It would have been nice to see a case study of some influencers promoting products – did you come across any particular ones in your research?

Hey Anne-Marie,
Thanks so much for your feedback! Oh I haven’t heard of that particular story, however that definitely is something to consider with these situations, scams and how legitimate an advert may be! I have unfortunately come in contact with a scam similar to this once when I lived in London, therefore now I am so skeptical whenever I receive emails or comments asking me to collaborate with someone (I had to decline a few this morning even because a quick google search had SCAM written all over it!! The nerve of some people these days!) I’ll definitely have a look at that story you mentioned though! Have you ever personally experienced any scam or dodgy scenarios like this?

Hey Melissa!
I haven’t actually, I was scammed once by the No-Cussing Club (I bought wristbands as a joke and they never came). Thankfully I used Paypal and got my money back. That was the closest I’ve come to scams.
I think growing up and being aware that there are lots of scammers out there makes me know what a sketchy source looks like. It would be great to have better, accurate research about scammers and how to avoid them. Do you think there’s a way we can implement more education about scamming in schools and also for older people who aren’t aware of these schemes?
For example, my grandma got caught out by one of those “call this number your computer is broken” scams and lost a few hundred.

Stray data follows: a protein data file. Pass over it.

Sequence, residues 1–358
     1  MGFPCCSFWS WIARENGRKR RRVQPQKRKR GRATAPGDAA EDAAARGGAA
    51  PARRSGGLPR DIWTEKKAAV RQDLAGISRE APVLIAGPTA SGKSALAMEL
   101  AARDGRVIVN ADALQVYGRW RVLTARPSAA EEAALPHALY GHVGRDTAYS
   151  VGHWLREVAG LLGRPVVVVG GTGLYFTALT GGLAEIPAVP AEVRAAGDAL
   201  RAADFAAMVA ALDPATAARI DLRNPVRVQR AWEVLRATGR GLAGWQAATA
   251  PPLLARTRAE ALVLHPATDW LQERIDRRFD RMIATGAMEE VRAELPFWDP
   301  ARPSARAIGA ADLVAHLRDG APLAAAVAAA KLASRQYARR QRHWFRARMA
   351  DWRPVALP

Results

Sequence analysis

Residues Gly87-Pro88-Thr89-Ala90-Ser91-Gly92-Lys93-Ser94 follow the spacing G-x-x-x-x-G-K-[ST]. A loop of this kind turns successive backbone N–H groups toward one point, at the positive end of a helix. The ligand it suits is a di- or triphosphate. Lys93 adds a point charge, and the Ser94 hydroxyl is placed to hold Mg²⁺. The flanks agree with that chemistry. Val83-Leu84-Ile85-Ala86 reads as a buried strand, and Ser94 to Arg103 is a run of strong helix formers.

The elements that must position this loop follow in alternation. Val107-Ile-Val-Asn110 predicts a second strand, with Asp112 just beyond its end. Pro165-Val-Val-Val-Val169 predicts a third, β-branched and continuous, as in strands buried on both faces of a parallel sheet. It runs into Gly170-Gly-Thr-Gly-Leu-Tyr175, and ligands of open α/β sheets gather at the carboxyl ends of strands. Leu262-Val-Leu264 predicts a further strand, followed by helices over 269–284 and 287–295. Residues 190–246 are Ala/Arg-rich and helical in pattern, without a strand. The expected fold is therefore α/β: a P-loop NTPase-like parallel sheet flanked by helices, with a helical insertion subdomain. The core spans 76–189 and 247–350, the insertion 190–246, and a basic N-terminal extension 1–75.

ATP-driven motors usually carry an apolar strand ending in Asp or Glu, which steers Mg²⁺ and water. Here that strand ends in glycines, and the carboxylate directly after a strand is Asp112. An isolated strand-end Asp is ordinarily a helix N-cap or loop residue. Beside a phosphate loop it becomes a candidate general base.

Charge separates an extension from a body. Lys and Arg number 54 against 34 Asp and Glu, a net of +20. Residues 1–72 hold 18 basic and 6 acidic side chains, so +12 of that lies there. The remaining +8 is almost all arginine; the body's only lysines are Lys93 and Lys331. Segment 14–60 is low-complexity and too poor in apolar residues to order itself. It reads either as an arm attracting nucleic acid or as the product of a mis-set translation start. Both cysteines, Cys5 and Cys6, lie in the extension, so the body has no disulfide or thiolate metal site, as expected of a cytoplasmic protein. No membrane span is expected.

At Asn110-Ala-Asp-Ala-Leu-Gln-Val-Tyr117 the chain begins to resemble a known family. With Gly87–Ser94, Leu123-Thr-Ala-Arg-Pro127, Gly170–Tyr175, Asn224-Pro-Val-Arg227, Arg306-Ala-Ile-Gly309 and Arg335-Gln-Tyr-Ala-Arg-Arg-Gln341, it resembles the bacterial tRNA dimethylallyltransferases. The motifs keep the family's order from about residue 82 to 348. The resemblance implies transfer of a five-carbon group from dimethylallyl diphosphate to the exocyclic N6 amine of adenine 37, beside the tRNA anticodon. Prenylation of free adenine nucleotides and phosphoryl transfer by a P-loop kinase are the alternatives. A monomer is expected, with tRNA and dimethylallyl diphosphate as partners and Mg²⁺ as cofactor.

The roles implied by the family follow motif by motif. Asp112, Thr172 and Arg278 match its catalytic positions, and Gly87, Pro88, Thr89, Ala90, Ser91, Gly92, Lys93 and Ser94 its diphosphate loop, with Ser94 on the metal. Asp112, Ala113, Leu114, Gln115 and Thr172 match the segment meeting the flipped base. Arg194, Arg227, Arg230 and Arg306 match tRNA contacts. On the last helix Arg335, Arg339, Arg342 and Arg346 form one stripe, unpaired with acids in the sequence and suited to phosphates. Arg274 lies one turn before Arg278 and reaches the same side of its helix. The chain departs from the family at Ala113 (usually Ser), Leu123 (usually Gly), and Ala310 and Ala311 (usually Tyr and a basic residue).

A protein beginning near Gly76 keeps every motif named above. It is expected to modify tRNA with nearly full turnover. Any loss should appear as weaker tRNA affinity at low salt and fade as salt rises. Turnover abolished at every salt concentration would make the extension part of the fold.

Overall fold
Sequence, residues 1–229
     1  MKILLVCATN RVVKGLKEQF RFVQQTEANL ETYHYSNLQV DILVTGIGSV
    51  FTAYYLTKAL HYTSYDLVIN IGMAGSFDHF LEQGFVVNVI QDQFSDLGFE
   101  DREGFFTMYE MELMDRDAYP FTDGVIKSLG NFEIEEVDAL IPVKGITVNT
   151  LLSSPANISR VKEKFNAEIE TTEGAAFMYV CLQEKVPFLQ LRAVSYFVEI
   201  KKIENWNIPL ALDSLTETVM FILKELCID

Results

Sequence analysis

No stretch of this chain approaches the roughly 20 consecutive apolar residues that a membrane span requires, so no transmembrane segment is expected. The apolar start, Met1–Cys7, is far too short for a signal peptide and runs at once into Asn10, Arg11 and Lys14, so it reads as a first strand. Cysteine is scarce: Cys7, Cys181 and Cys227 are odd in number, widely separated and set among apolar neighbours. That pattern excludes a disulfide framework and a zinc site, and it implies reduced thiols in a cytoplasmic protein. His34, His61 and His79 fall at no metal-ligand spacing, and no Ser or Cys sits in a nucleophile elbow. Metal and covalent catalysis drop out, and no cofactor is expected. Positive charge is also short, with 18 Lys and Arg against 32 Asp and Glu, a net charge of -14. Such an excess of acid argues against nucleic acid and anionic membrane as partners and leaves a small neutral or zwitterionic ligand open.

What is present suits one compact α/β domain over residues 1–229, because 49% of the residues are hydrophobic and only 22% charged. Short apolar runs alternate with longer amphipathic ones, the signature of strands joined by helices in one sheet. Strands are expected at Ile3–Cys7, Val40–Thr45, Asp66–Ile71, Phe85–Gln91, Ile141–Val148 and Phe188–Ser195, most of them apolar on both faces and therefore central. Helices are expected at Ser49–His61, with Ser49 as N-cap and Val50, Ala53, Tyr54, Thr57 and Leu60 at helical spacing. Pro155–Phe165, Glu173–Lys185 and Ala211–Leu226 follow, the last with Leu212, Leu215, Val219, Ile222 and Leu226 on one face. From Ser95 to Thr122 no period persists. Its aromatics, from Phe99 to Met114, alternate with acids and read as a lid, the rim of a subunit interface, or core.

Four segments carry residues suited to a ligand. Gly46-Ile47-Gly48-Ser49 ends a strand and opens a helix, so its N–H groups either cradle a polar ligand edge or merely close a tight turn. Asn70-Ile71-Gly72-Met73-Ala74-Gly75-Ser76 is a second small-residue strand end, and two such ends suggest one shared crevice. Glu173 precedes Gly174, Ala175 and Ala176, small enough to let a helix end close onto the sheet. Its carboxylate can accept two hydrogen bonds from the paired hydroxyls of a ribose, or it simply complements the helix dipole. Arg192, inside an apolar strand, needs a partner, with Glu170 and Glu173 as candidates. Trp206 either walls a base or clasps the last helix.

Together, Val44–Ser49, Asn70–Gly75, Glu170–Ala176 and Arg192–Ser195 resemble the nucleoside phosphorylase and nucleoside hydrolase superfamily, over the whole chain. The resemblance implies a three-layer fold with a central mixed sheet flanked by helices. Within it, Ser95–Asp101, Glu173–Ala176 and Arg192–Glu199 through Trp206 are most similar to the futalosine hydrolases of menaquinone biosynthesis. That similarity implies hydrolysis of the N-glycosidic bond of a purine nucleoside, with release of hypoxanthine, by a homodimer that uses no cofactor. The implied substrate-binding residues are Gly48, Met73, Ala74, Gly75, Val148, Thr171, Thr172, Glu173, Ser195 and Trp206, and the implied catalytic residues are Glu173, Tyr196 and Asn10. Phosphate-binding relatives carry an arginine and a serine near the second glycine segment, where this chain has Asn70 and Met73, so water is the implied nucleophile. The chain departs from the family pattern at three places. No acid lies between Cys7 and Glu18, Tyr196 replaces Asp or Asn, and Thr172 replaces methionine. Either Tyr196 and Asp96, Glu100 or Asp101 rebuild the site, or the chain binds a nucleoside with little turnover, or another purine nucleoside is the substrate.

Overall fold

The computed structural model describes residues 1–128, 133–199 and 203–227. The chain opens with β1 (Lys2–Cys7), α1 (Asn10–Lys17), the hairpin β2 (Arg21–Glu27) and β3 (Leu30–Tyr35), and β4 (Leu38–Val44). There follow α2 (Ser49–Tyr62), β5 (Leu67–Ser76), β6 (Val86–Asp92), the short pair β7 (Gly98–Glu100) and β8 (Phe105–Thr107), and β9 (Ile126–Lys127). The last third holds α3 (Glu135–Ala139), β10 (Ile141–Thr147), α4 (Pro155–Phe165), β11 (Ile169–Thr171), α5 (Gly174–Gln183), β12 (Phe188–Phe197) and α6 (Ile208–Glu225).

Hey again Anne-Marie,
Oh I’m so glad you managed to sort that haha, close one!
Yes I definitely think that the more we hear about them or dare I say it have experience with scams, the more aware we become. I also believe we really do need to implement some more education in schools into avoiding scams since the world is becoming a lot more online based therefore giving people more chance to get scammed. When I was scammed I made a huge effort to spread the message about the particular company on all my socials and noticed a lot of youtube videos and posts slowly emerging afterwards of others in the same boat. As long as everyone does plenty of prior research beforehand we should be av\ble to deflect the scams hopefully!

Hi Melissa,

I’d tend to agree. I think a lot of it comes down to the brand, product, age group etc. and someone that resonates with you may make me feel differently. I also think I’m quite engaged with brands using their real customers from their community in their social media feeds, like that could be me, or I use that product! Ha ha

I also didn’t think of scams! I don’t encounter them a lot as my insta feed is private and I don’t use FB often. I know my partner receives these kinds of messages when he posts images of himself skating, but he tends to ignore. Maybe I’ll switch to the public to see if I get any interest?!
Thanks, Charlotte

Hi Melissa